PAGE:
Fifty Orwell Essays, by George Orwell, free ebook
But Lord Dunmore's promise of freedom to slaves who enlisted in the British army led Congress reluctantly to reverse it decision, fearful that black soldiers might join the redcoats.
Revolution and Social Change: The American Revolution as …
Perhaps the last word on the complex causes of the Revolution should be left to an obscure participant, Levi Preston, a Minuteman from Danvers, Massachusetts. Asked sixty-seven years after Lexington and Concord about British oppressions, the ninety-one year-old veteran responded to his his young interviewer, "What were they? Oppressions I didn't feel them. He was then asked, "What, were you not oppressed by the Stamp Act? Preston replied that he "never saw one of those stamps. . . I am certain I never paid a penny for one of them. [They had been destroyed.] What about the tax on tea? "Tea-tax! I never drank a drop of the stuff; the boys threw it all overboard." His interviewer finally asked why he decided to fight for independence. "Young man," Preston replied, "what we meant in going for those redcoats was this: we had always had governed ourselves, and we always meant to. They didn't mean we should."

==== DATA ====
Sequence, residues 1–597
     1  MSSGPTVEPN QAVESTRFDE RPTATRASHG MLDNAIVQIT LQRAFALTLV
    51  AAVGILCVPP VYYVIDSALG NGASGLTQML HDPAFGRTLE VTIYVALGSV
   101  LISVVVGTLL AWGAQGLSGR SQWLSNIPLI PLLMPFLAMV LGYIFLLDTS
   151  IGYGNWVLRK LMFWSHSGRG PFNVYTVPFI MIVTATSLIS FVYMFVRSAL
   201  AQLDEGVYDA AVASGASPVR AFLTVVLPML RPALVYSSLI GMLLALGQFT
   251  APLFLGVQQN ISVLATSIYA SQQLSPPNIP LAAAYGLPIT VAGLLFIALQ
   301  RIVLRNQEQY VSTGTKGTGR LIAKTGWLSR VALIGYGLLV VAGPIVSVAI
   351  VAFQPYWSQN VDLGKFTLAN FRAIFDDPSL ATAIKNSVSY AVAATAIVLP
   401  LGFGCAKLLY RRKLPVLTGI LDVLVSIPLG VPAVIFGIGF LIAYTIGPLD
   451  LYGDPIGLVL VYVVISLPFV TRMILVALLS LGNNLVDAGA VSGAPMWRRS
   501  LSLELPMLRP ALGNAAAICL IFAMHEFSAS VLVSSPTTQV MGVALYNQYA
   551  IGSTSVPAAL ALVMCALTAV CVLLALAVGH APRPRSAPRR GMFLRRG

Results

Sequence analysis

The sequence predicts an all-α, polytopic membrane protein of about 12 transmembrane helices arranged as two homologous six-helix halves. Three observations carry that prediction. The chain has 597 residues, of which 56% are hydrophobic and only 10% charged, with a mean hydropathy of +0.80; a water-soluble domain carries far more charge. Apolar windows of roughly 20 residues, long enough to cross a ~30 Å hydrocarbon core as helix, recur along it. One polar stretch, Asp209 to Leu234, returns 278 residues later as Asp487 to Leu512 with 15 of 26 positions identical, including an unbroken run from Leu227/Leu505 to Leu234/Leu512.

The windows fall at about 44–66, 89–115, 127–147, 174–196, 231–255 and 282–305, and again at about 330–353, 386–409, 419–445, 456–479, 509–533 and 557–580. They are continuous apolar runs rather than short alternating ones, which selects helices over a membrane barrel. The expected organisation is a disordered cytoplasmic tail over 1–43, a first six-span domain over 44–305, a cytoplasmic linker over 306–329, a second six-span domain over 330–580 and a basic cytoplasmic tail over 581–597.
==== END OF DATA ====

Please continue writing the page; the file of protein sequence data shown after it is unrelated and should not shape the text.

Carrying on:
The troubles began the previous August when the British fleet unloaded a force of Redcoats at the top of the Chesapeake Bay with the objective of capturing the American capital at Philadelphia.